Martin Luther himself considered this his most valuable work; and its theme he considered to be at the very heart of the debate between the Papists and the Evangelical Protestants. It is shocking to consider just how Romanish the clear majority of professing Evangelicals have become on this point, which, to Luther, was so vital. It was his clear belief that, if someone once allows the will to be free with respect to his eternal salvation â€“ if one professes to have, in himself, the capacity to respond savingly to the gospel call apart from Godâ€™s elective, regenerative grace â€“ then there is nothing of the Christian religion left. Deny this one point, and you have, in essence, denied the truth of the gospel. A flawlessly argued masterpiece that argues biblically and passionately for a foundational principle of the Reformed, Evangelical faith.
2. The Glory of Christ, by John Owen
If I were constrained to choose the single most influential book I have ever read, it would probably be this one. Beginning with Christâ€™s high priestly prayer in John 17, Owen draws his central premise that heaven will only be good and enjoyable by virtue of the fact that, in heaven, we will be enabled to behold the glory of Christ. This is the sum and substance of everything good and pleasurable â€“ and in order to fit us for this great privilege of heaven, he begins, even on this earth, through a careful and passionate searching of the scriptures, to unfold the manifold richness of Christâ€™s glory for us to see and savor. I doubt if there is anyone I have ever read who combines masterly theological precision with heartfelt passion and devotion the way that Owen does.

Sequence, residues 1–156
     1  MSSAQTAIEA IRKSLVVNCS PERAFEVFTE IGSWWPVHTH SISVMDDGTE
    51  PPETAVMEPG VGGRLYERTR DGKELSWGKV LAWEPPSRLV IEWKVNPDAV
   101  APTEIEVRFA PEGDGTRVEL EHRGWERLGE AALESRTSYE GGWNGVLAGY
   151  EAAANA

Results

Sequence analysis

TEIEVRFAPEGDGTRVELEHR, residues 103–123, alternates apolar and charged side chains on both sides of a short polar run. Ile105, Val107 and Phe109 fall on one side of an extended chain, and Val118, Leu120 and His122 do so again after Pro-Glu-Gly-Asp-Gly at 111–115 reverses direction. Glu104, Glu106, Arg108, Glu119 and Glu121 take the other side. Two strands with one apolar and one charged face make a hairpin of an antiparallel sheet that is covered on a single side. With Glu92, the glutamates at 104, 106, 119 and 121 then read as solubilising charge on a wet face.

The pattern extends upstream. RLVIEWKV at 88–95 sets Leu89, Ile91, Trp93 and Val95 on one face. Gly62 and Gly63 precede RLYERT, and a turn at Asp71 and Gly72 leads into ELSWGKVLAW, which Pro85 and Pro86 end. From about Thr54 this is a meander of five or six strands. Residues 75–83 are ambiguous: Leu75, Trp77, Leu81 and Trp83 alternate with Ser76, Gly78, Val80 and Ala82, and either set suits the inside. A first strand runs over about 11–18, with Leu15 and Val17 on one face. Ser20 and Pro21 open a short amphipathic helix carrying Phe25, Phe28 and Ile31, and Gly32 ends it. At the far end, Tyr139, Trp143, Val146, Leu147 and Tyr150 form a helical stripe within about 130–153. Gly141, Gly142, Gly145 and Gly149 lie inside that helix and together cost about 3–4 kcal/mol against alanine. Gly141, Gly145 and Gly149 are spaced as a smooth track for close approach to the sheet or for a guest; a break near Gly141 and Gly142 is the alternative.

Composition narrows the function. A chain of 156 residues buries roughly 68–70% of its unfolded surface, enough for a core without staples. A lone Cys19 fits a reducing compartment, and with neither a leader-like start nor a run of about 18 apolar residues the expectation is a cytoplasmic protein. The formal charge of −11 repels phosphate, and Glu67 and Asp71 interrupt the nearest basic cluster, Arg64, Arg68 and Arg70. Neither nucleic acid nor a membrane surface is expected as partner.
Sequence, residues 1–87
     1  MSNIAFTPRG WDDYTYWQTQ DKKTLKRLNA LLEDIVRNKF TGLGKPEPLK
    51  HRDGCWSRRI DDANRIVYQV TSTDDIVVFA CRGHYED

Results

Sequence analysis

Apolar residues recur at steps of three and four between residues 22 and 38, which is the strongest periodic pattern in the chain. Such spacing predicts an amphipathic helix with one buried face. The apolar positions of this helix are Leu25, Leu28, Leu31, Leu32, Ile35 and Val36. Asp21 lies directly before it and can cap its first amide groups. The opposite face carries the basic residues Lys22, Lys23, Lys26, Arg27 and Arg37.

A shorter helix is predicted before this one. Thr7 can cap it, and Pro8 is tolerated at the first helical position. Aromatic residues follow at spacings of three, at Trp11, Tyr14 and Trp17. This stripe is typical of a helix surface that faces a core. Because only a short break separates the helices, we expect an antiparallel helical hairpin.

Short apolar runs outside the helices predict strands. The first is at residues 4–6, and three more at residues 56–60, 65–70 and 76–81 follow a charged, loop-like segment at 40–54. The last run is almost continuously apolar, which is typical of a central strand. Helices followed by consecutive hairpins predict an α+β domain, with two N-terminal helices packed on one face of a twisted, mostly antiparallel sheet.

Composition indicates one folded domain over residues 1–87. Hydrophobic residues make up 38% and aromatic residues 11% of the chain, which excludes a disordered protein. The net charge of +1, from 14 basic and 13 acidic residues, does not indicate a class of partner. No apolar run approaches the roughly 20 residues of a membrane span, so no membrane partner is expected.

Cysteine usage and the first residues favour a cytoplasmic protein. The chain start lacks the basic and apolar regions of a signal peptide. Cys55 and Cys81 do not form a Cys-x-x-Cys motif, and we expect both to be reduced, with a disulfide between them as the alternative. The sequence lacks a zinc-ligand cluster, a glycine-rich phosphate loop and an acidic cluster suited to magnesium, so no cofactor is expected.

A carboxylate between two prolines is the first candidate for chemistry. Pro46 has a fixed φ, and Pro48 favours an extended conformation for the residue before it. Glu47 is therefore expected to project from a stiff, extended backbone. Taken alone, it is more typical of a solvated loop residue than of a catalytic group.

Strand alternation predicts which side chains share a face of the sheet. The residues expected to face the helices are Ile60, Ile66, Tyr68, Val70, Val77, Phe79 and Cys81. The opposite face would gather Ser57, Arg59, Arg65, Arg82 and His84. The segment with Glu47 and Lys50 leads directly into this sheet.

3. The Institutes of the Christian Religion, by John Calvin
Calvinâ€™s influence on theology extends so much further than the five â€œpointsâ€ of Calvinism, as compiled by the Synod of Dort. This masterpiece unfolds a comprehensive, Christ-centered theology and worldview in a clear, logical, biblical progression. Although its sheer length may be daunting, it is not a phenomenally difficult read. Anyone willing to devote the time required for a reading will find himself richly rewarded. There is virtually no theological issue of any import that Calvin does not deal with at some point in his Institutes â€“ and his treatments are always well-presented and eminently helpful.